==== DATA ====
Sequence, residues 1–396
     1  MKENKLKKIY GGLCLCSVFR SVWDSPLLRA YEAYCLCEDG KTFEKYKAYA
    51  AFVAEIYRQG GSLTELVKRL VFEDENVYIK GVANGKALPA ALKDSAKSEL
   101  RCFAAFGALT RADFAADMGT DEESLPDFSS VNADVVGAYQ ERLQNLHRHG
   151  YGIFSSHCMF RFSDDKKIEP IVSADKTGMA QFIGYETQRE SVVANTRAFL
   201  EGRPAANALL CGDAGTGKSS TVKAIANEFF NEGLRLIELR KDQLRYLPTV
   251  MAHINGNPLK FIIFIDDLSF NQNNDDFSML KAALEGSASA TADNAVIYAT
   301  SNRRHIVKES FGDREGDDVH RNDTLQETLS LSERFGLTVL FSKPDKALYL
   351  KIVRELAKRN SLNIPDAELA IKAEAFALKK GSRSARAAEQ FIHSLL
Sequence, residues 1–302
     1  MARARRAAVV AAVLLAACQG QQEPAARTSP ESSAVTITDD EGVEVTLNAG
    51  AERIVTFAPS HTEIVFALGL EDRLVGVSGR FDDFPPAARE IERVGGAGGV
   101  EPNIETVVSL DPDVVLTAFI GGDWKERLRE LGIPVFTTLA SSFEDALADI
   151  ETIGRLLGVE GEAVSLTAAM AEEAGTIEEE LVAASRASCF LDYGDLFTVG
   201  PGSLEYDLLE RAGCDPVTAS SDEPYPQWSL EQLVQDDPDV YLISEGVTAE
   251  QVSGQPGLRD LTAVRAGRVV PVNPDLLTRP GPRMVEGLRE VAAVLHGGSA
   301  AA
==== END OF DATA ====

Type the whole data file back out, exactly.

Sequence, residues 1–396
     1  MKENKLKKIY GGLCLCSVFR SVWDSPLLRA YEAYCLCEDG KTFEKYKAYA
    51  AFVAEIYRQG GSLTELVKRL VFEDENVYIK GVANGKALPA ALKDSAKSEL
   101  RCFAAFGALT RADFAADMGT DEESLPDFSS VNADVVGAYQ ERLQNLHRHG
   151  YGIFSSHCMF RFSDDKKIEP IVSADKTGMA QFIGYETQRE SVVANTRAFL
   201  EGRPAANALL CGDAGTGKSS TVKAIANEFF NEGLRLIELR KDQLRYLPTV
   251  MAHINGNPLK FIIFIDDLSF NQNNDDFSML KAALEGSASA TADNAVIYAT
   301  SNRRHIVKES FGDREGDDVH RNDTLQETLS LSERFGLTVL FSKPDKALYL
   351  KIVRELAKRN SLNIPDAELA IKAEAFALKK GSRSARAAEQ FIHSLL
Sequence, residues 1–302
     1  MARARRAAVV AAVLLAACQG QQEPAARTSP ESSAVTITDD EGVEVTLNAG
    51  AERIVTFAPS HTEIVFALGL EDRLVGVSGR FDDFPPAARE IERVGGAGGV
   101  EPNIETVVSL DPDVVLTAFI GGDWKERLRE LGIPVFTTLA SSFEDALADI
   151  ETIGRLLGVE GEAVSLTAAM AEEAGTIEEE LVAASRASCF LDYGDLFTVG
   201  PGSLEYDLLE RAGCDPVTAS SDEPYPQWSL EQLVQDDPDV YLISEGVTAE
   251  QVSGQPGLRD LTAVRAGRVV PVNPDLLTRP GPRMVEGLRE VAAVLHGGSA
   301  AA